supplier uncertainty and lack of consumer confidence has the
potential to unravel the automotive industry and short-circuit
the creation of New GM," Chief Executive Fritz Henderson said
in a court filing.
 On the first day in bankruptcy court, lawyers for GM said
they would ask Judge Robert Gerber to approve its proposed sale
of its strongest assets in just 30 days. [ID:nN01464220]
 GOVERNMENT LIFELINE
 Since the start of the year, GM has been kept alive by U.S.
government funding as a White House-appointed task force vetted
plans for a sweeping reorganization that will be undertaken
with $50 billion in federal financing.
 By taking a 60 percent stake in a reorganized GM, the Obama
administration is gambling that the automaker can compete with
the likes of Toyota after its debt is cut by half and its labor
costs are slashed.
 The federal government of Canada as well as the province of
Ontario agreed to provide another $9.5 billion to GM in a late
addition to the plans for the bankruptcy. [ID:nN31418487]
 GM plans to close 11 U.S. facilities and idle another three
plants. It has not provided an updated target for job cuts but
had been looking to cut 21,000 factory jobs from the 54,000
unionized workers it now employs in the United States.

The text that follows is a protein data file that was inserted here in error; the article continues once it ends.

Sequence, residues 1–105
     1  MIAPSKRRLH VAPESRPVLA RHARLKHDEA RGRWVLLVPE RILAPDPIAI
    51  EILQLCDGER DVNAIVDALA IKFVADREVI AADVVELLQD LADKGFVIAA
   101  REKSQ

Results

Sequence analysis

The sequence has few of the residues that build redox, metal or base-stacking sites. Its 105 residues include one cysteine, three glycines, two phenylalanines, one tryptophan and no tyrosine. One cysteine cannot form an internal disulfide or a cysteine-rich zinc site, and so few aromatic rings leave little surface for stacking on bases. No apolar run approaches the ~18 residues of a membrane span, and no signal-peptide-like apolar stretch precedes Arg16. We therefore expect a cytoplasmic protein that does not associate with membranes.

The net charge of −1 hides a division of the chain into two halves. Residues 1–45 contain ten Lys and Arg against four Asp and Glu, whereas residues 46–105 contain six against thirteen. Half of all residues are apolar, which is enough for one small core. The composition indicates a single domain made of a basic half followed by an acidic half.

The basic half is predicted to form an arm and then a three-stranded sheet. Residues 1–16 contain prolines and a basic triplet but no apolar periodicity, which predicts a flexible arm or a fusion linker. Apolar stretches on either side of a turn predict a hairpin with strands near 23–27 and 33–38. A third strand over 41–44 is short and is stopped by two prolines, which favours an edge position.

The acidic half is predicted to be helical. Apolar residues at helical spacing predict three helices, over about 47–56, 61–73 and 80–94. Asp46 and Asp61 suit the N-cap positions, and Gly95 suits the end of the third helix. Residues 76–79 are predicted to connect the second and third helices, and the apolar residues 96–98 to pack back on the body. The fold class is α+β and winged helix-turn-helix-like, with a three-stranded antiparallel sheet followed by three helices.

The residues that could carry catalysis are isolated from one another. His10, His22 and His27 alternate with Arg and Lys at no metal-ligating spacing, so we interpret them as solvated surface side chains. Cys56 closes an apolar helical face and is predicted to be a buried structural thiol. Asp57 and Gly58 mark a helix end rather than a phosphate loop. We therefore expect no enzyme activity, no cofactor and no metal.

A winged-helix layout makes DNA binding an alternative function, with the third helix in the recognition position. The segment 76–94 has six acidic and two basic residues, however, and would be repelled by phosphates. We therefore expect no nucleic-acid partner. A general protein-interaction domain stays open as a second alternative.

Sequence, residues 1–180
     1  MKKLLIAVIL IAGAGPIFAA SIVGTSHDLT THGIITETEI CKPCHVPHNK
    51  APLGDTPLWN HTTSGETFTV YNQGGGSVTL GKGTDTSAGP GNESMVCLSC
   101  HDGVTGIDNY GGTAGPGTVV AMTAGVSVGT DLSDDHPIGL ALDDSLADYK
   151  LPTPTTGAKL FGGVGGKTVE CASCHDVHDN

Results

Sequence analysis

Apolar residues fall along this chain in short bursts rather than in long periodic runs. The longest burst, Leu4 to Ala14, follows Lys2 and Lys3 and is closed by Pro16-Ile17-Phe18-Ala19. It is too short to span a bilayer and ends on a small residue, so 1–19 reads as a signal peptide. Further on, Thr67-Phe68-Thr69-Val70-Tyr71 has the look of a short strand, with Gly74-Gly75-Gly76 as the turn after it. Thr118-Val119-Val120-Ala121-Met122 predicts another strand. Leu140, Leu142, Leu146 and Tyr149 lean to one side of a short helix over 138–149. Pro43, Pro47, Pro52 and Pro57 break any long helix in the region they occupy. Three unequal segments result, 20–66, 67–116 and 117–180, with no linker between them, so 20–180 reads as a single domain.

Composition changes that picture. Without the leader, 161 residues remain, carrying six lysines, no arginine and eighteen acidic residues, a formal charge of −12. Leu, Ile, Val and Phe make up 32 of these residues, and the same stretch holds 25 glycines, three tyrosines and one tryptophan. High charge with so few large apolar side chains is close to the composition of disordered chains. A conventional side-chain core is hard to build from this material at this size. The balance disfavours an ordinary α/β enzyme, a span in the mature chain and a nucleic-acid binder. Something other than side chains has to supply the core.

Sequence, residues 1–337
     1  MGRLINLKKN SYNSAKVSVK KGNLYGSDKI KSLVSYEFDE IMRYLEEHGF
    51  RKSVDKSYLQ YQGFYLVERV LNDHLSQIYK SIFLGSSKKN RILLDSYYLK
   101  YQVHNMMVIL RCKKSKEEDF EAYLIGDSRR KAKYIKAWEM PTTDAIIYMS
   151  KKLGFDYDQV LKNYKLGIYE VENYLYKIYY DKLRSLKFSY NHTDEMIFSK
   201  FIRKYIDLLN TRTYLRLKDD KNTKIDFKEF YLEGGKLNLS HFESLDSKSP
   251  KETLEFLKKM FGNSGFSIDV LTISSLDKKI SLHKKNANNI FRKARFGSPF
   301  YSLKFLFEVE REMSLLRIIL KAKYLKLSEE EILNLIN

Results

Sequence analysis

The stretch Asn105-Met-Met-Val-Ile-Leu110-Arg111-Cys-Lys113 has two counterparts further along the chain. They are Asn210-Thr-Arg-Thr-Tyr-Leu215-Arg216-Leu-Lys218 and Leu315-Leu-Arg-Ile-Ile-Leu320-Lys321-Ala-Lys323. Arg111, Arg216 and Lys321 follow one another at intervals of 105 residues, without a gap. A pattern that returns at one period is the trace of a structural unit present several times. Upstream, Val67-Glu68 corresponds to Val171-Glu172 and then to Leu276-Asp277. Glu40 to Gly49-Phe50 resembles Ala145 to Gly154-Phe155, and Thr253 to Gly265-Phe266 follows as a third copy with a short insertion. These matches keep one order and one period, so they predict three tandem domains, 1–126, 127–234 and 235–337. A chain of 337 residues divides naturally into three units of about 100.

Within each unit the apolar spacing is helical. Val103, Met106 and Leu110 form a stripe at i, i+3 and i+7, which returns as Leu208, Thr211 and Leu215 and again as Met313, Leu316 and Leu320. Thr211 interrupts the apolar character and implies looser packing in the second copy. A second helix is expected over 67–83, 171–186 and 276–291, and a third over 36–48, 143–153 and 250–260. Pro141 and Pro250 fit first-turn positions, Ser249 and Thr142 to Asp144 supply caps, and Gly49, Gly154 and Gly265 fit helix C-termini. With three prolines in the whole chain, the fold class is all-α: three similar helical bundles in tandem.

The GM plant closings will cut between 18,000 and 20,000
UAW workers in the United States. [ID:nN01474335]
 "The GM that many of you knew, the GM that let too many of
you down, is history," said Henderson at a news conference in
New York. "Today marks the beginning of what will be a new
company, a new GM dedicated to building the very best cars and
trucks, highly fuel-efficient, world-class quality, green
technology development."
 The UAW would have a 17.5 percent stake in the New GM. The
Canadian government would own 12 percent and GM bondholders
would receive 10 percent. In its filing, GM also provided an
updated list of its major trade creditors including Starcom
Mediavest Group and Delphi Corp. [ID:nN01454108]
 Kent Kresa, who became GM chairman at the end of March,
said he was already interviewing candidates to be directors for
the new board at GM and was in contact with Steve Rattner, who
heads the White House's autos task force, as part of that
process.[ID:nN01485098]
 RELUCTANT INVESTOR
 Officials involved in the planning for GM said the White
House was a "reluctant investor" in GM, but had to prevent a
liquidation that analysts say would have cost tens of thousands
of jobs at a time when the economy is mired in recession.
 GM alone employs 92,000 in the United States and is
indirectly responsible for 500,000 retirees.
 U.S. officials said there was no plan to provide any
further funding for GM and insisted that all of the Detroit